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Chapter 3: Organic Society Introduction In Bookchin’s view, society and culture must be understood by examining not only what they are at present but their origins and subsequent development over the course of history. Thus, to rescue a tradition of freedom in support of his ecological society, he traces a “legacy of freedom” that has run as an alternative libertarian undercurrent through Western history. In his 1982 book The Ecology of Freedom he gave particular attention to what he calls “organic society” — that is, the preliterate band and tribal cultures that preceded recorded history in Europe and America and that persisted far longer in other parts of the world. Insofar as a number of its features hold relevance for the creation of an ecological society, organic society is part of the “legacy of freedom.” Perhaps the most important of these features is the relatively... (From :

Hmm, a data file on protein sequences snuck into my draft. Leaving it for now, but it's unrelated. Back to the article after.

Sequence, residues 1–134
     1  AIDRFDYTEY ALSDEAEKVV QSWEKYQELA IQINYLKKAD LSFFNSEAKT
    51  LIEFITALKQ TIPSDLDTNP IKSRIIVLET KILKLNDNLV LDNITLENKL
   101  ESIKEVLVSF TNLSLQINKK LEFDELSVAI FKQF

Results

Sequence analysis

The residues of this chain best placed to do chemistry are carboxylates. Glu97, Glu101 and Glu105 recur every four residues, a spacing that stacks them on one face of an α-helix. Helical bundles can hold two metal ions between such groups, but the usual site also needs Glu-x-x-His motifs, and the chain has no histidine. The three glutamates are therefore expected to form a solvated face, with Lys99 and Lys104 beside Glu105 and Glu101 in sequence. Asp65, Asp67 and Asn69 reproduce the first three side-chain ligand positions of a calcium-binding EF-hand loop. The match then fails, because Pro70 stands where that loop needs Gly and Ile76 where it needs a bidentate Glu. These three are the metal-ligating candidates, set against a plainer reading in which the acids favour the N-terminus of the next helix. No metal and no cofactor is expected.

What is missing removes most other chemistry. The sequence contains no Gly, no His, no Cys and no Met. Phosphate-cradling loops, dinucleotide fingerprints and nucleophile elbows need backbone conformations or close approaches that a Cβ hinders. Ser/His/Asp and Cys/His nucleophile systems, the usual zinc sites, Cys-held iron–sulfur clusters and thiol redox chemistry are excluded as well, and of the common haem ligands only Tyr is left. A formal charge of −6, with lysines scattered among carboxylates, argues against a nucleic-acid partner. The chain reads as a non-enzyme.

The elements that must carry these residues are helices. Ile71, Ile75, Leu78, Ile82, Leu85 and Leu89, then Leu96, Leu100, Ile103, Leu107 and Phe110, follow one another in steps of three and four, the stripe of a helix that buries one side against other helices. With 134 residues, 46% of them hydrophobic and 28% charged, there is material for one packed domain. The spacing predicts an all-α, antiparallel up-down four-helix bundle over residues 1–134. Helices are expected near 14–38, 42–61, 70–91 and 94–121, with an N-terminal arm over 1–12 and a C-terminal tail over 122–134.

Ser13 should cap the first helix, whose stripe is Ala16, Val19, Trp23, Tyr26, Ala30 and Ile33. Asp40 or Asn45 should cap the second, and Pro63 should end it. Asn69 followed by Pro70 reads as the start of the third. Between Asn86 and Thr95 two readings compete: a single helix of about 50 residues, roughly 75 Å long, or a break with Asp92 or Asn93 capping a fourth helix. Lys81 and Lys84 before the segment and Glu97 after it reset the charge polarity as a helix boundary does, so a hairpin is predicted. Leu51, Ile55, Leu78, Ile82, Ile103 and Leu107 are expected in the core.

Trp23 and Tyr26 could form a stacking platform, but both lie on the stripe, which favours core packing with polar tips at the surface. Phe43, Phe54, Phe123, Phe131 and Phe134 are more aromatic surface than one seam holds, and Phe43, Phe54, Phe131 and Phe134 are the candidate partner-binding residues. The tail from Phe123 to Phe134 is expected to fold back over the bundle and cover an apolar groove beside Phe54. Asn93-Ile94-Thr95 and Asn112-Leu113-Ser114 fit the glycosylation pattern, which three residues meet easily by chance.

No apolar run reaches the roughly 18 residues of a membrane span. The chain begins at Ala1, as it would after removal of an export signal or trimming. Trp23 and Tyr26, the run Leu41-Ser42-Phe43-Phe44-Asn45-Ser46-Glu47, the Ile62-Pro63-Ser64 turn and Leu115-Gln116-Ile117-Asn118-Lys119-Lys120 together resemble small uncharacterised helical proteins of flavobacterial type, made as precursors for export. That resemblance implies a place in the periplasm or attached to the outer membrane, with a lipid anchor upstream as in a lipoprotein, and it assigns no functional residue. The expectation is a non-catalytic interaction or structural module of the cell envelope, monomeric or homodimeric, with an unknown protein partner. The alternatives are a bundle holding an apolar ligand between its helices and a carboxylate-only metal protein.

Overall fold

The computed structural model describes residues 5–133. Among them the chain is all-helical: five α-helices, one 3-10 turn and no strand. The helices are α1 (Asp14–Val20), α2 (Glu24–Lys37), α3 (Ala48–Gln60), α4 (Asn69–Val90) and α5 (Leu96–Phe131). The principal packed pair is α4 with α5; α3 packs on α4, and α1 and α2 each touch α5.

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Chapter 4: The Legacy of Domination Introduction According to Marx, “primitive egalitarianism” was destroyed by the rise of social classes, in which those who own wealth and property exploit the labor of those who do not. But from his observations of contemporary history, Bookchin realized that class analysis in itself does not explain the entirety of social oppression. The elimination of class society could leave intact relations of subordination and domination. Engels, in his essay “On Authority,” wrote explicitly that he not only would preserve hierarchy in a “classless” society but regarded it as indispensable in industrial production. In order to attain the broadest possible freedom in an ecological society, Bookchin emphasized that it would be necessary to eliminate not only social classes but social hierarchies as well. Thus, where Marx had worked with categories of class and exploitati... (From :